The Sigma 105mm f/1.4 DG HSM Art is one of the best portrait lenses money can buy. At a weight of 3.6 pounds, the lens boasts a huge front element which may draw stares, even from professional photographers, but you won’t find the impressive sharpness and smooth bokeh that it provides elsewhere.
The 105mm f/1.4 Art lens is the second such lens on the market in the same category; the first is Nikon’s AF-S Nikkor 105mm f/1.4E introduced in 2016. The Sigma 105mm f/1.4 has a price tag of $1,600 which is well below the Nikon priced at $2,200. It’s built for professional use and can hardly be regarded as budget alternative. It launched with a range of mount options that include Sigma SA, Canon EF, Nikon F, and Sony E.
This lens from Sigma may not be absolutely perfect, but after testing it extensively, we can wholeheartedly claim that the company once again has been able to deliver a high-end lens with remarkable value.
Sigma 105mm f/1.4 DG HSM Art Lens Design
The 105mm f/1.4 has another noticeable feature other than its huge front element; and it’s the tripod collar that you will find on the outside. Generally, this is kept for longer focal lengths, but the heavy front element of the lens makes it quite handy here. It is highly recommended to use a tripod with this lens, but if you don’t have one, just remove the tripod collar and replace it with the protective cover.
The build quality of the Sigma 105mm f/1.4 is amazing. Water-repellent coating is applied to the front element and the rear mount is surrounded with a gasket, which makes the lens dust and splash proof. This feature helps you shoot in rain without any issues. The lens is built with good quality materials and feels excellent – carbon fiber reinforced plastic is used to make the lens hood, which certainly reduces some weight but it doesn’t help much on a 3.6-pound lens.
The Sigma 105mm f/1.4 DG HSM Art lens has a nine rounded blade diaphragm to create more circular bokeh. It uses 17 elements arranged in 12 groups (the Nikon 105mm f/1.4, on the other hand, uses 14 elements arranged in nine groups), which makes the optical design of the lens quite complex and adds extra weight to the lens – but the good thing is it helps correct a number of optical problems. For instance, that massive front element reduces vignetting effects.
However, the front element gives a filter size of 105mm, which means the filter diameter is the same as the focal length of the lens. The Nikon comes with an 82mm filter thread.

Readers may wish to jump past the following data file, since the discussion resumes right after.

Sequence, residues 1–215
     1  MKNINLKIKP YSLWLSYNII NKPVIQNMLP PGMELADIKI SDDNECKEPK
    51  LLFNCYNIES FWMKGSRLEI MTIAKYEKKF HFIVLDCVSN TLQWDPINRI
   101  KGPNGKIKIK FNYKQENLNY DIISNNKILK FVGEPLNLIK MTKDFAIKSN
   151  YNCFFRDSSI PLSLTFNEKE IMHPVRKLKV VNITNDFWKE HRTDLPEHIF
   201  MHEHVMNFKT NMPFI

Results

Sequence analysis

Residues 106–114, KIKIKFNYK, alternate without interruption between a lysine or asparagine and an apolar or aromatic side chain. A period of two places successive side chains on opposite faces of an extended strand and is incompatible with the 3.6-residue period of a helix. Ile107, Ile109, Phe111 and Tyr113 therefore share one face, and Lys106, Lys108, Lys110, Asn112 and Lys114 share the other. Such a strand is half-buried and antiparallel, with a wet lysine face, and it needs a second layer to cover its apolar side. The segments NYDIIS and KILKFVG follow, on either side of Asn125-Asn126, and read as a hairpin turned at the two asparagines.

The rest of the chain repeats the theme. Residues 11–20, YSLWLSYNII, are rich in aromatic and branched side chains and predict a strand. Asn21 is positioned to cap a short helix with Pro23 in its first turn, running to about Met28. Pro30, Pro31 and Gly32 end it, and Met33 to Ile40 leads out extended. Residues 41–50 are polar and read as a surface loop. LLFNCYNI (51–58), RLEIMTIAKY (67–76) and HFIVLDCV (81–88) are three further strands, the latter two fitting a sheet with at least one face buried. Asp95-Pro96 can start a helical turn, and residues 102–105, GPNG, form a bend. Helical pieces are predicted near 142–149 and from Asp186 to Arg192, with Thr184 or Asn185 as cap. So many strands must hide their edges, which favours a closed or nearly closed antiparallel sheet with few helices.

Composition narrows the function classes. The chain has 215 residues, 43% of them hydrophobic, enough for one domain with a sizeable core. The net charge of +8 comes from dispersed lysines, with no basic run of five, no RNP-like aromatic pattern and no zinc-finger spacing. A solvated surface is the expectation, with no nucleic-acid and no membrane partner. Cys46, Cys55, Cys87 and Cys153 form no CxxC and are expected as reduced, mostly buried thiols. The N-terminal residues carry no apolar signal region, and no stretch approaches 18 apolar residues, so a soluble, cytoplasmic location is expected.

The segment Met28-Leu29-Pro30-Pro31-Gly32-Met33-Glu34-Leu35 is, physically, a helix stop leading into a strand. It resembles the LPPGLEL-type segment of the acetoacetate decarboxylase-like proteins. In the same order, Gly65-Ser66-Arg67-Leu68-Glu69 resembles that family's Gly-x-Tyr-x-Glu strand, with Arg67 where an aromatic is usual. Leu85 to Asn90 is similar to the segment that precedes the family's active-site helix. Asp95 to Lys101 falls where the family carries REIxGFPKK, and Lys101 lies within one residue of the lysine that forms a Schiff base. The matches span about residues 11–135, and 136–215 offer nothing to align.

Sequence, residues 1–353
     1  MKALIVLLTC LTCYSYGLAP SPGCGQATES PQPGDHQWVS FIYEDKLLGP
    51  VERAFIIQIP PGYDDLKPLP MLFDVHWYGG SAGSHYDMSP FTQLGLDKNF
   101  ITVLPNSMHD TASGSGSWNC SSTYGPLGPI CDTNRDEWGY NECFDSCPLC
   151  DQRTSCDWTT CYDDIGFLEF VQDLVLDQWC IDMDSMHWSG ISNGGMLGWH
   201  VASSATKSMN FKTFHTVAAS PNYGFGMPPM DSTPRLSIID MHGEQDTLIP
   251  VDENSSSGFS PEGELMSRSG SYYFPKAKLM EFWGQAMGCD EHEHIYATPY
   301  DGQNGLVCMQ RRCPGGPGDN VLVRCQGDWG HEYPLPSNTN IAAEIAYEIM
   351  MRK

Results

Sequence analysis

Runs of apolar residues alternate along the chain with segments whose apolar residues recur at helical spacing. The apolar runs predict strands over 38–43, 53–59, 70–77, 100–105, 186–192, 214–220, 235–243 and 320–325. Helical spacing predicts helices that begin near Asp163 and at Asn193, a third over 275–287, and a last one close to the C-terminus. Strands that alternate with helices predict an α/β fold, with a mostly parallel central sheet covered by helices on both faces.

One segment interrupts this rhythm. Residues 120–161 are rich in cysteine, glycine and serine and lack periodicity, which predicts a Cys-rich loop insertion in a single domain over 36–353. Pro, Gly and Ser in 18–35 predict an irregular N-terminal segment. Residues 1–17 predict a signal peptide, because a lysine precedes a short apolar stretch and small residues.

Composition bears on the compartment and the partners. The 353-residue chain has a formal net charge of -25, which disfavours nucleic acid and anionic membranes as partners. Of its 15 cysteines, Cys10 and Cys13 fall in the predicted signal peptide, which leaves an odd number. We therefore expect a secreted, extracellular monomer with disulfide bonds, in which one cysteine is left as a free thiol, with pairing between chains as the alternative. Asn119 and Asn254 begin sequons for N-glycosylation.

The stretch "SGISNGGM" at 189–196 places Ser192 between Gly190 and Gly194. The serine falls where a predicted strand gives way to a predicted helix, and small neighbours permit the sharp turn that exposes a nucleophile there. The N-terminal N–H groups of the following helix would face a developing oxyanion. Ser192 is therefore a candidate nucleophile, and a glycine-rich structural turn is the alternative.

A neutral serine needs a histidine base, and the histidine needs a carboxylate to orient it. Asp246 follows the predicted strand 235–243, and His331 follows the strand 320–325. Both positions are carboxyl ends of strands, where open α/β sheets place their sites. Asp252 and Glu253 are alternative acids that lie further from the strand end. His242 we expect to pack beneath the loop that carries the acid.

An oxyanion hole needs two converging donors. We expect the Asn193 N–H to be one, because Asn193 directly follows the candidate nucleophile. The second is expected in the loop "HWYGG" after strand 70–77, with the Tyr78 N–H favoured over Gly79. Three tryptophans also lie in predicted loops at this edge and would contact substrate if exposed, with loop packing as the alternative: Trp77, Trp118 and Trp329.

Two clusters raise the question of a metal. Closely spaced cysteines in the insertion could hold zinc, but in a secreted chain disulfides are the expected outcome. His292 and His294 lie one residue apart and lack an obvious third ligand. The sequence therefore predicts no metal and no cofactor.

The center of the image frame is sharp at f/1.4 and the depth of field is razor thin, but you will lose a little sharpness as you go towards the extreme edges of the frame. However, this is rarely an issue when you shoot with a fast prime at maximum aperture. Overall, sharpness is great from f/1.4 through f/8. Diffraction starts to occur at f/11 and is more noticeable at f/16. At f/1.4 some vignetting also appears but it’s very little and can be corrected easily.
Generally, the Sigma 105mm f/1.4 DG HSM Art gives excellent bokeh performance. The out of focus areas in the foreground and background are rendered in a pleasant way. Furthermore, the depth of field becomes very shallow when shooting at f/1.4, which is useful sometimes. The shallow depth of field, on the other hand, can be challenging in real-world scenarios. For instance, when you photograph a portrait subject, even a little movement between “focus acquisition” and “the time of capture” can engender soft images.
Luckily, the camera still renders lovely backgrounds if stopped down to f/2.8 or f/4, so the in focus areas are very sharp, but more of the image remains in focus in general.
The nine rounded blade diaphragm produces soft, fabulously smooth and natural looking bokeh, and the transitional areas between in focus and out of focus areas within images are amazingly seamless. Distortion is negligible and chromatic aberrations are handled very well.
So, if we talk about image quality overall, the Sigma 105mm f/1.4 Art lens is an excellent portrait prime. It gives you a great optical performance with only a few minor issues, but if you look at the overall performance of the lens, these issues seem minor.
The Sigma 105mm F1.4 Art is an impressively sharp and beautiful portrait lens that offers excellent value for the money, but looking at its size and weight it’s totally up to the user how well they can handle it.
In terms of performance, overall build and image quality, the Sigma 105mm F1.4 beats its rival Nikon AF-S 105mm f/1.4E ED. It’s also less expensive to buy. Moreover, it won’t be easy for Canon users to choose between the Sigma and Canon’s EF 85mm f/1.4L IS USM, which is another excellent portrait lens and comes with the same price; it also features image stabilization. Both the Canon and the Sigma perform equally when it comes to sharpness, but the bokeh quality of the Sigma is better.
The build quality of the Sigma 105mm f/1.4 DG HSM Art lens guarantees that it should easily last for many years to come. The massive front element, however, is not well protected as it should be, but there shouldn’t be any problem if you take good care of your equipment.